Analysis San Antonio

CPS Energy’s Rate Committee Readies Recommendation to Swap Out Coal for Gas

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A majority of CPS Energy’s Rate Advisory Committee members are lining up behind a recommendation to dramatically expand the utility’s gas holdings. Image: Screengrabs from December 6, 2022, CPS livestream.

Seeking an early retirement for San Antonio’s last coal plant, the City-owned utility sought direction from its Rate Advisory Committee. On a prayer and a biblical parable, the RAC members are primed to fail a key climate test.

Greg Harman

San Antonians are accustomed to prayers—nearly always Christian prayers—opening meetings of our City Council and utility board. City-owned CPS Energy’s volunteer-led Rate Advisory Committee follows the same format. Last week, the RAC’s guest intercessor called upon Divinity to deliver the “knowledge, capacity, and wise guidance” to help finalize their recommendation—as requested by the CPS Board—on how best to shut down the 1,400-megawatt JK Spruce coal plant by 2030 and slash the City’s carbon emissions by 40 percent.

{UPDATE: 13 RAC members voted for a gas-heavy generation pathway P2; 7 were split between two pathways leaning more heavily on renewable sources. This recommendation for gas expansion was heard by the CPS Energy Board of Trustees on December 19, 2022, and action is expected when they reconvene next month. Deceleration will have detailed pathway comparisons and additional analysis in January}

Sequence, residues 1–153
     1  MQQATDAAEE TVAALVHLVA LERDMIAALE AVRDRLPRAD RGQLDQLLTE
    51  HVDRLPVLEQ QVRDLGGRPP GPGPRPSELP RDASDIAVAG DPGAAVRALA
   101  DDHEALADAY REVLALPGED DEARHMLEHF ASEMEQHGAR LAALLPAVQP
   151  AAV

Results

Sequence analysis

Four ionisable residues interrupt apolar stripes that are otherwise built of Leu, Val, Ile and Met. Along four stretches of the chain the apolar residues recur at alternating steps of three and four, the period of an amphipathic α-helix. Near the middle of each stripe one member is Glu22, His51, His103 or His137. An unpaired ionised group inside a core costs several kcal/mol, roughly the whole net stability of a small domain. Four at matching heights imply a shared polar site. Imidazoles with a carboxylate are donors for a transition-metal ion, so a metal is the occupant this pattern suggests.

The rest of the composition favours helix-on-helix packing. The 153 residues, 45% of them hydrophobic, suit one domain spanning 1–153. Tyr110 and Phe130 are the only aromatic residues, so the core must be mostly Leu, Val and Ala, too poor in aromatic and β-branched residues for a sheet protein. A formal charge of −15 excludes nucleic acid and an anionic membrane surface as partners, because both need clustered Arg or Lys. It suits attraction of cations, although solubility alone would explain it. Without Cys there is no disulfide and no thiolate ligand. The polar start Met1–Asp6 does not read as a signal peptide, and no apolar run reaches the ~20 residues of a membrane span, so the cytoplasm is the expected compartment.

It’s not clear if members silently requested the discernment to recognize that wisdom when it arrived, but the first guidance offered came as a critique.

Opening the public comments portion of the December 6, 2022, meeting, San Antonio resident Ryan Weber took to the mic and challenged key modeling assumptions and findings, suggesting they unjustly favor traditional fossil fuels to the detriment of cleaner energy options being debated.

“The specific metrics chosen and methods by which they were applied misrepresent the performance of the different scenarios,” Weber said. “This disproportionality creates a misunderstanding as to how these portfolios actually perform in relation to each other and compounded together produce metrics that may not lead CPS or the RAC to decisions that are best informed.”